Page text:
Since these two visas share many similarities, this guide provides a breakdown of L1 vs. H1B visas and the differences between L1 visa and H1B visa.
L1 vs. H1B: Differences
L1 visa does not have education or degree requirements, and the applicant’s specialized knowledge does not need to be in a specific field.
H1B applicants must have a bachelor’s degree or higher and should possess specialized knowledge in their field. In certain cases, hands-on experience may be substituted for educational requirements. Relevant degree and/or work experience is required to qualify for the H1B visa.
Only multinational companies may apply for L1 visa. International companies with offices both abroad and in the US may petition to transfer a foreign employee to their US office or branch.
US based companies may sponsor a foreign employee’s H1B visa. Once approved, H1B visa holders may work for that corporation or employer only, unless they apply for an H1B transfer.
Duration of Stay
The L1 visa includes L1A and L1B visa categories. L1A visa holders may stay in the US for a maximum of 7 years. L1B visa holders may stay for a maximum of 5 years.
H1B visa holders may stay in the US for up to 6 years and may file for a 3-year extension.
Annual Visa Cap
There is no limit or cap on the number of L1 visas granted to applicants each year.
The H1B visa cap is limited to 65,000 visas per year with an additional 20,000 H1B visas reserved for applicants with Master’s degrees and higher.
Department of Labor Certification
L1 visa sponsoring companies are not required to submit a labor condition application with their petition, demonstrating an unavailability or lack of domestic workers to fulfill the position.
H1B sponsoring employers are required to submit a labor condition application, showing that there are no qualified workers in the US available to fill the position.
L1 employees may not transfer to another company while maintaining their L1 visa status. In order to transfer companies, the new employer must file a new L1 visa petition for the employee.
H1B employees may transfer to a different employer while maintaining H1B visa status. They are not required to obtain permission from their previous employer, but they must complete contractual agreements and follow non-compete laws. The H1B visa holder’s new employer must submit an H1B Visa Transfer petition to USCIS.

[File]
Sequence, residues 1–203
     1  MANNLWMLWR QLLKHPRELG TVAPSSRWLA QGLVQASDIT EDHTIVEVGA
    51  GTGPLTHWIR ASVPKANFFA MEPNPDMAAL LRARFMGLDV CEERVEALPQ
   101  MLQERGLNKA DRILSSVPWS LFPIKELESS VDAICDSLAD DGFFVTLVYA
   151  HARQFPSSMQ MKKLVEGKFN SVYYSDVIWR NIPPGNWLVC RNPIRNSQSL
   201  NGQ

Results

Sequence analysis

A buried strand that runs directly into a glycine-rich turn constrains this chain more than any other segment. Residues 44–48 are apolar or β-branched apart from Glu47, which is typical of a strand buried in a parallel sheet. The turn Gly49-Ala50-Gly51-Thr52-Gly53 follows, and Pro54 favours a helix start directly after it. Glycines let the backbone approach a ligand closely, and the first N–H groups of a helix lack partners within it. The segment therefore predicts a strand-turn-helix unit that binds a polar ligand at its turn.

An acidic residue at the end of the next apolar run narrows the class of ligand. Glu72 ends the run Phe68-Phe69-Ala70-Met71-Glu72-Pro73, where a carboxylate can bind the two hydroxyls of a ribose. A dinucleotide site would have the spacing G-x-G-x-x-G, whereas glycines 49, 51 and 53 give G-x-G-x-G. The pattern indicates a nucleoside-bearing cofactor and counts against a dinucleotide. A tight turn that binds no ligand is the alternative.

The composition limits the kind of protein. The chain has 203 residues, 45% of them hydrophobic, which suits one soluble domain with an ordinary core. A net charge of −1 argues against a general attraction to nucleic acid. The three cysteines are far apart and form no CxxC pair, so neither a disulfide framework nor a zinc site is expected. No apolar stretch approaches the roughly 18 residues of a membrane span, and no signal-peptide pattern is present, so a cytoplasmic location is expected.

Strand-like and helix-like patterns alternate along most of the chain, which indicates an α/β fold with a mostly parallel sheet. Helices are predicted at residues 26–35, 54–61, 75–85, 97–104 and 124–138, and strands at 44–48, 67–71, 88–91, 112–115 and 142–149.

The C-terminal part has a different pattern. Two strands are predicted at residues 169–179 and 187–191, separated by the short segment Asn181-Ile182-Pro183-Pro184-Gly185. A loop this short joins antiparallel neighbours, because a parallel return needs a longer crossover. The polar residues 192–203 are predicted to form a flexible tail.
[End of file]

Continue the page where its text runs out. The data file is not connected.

L1 vs. H1B: Similarities
Spouses and children of L1 visa holders may accompany them to the US on an L2 visa. L2 visa holders may apply for an EAD and work in the US.
Spouses and children of H1B visa holders may join them in the US on an H4 visa. H4 visa holders are also now allowed to obtain an EAD and work in the US.
Green Card Eligibility
L1 and H1B visas are both dual intent visas, meaning that these visa holder do not have to demonstrate ties to their home country and may have the intent of coming to the US to apply for permanent residency later on. Current L1 and H1B visa holders applying for a green card must file Adjustment of Status to obtain change to permanent resident.
L1 visa holders can easily apply for employment-based green card for managers and executives (EB-1C). Most L1 visa holders already meet the eligibility requirements for the multinational manager or executive employment-based green card category.
H1B visa holders may be eligible to apply for employment-based green card categories EB1, EB2, or EB3. Green card categories EB2 and EB3 require PERM Labor Certification.
L1 vs. H1B: Which is Better for Me?
Both L1 and H1B visas come with certain advantages and disadvantages. While they are both dual intent, temporary work visas, you may only qualify for one over the other.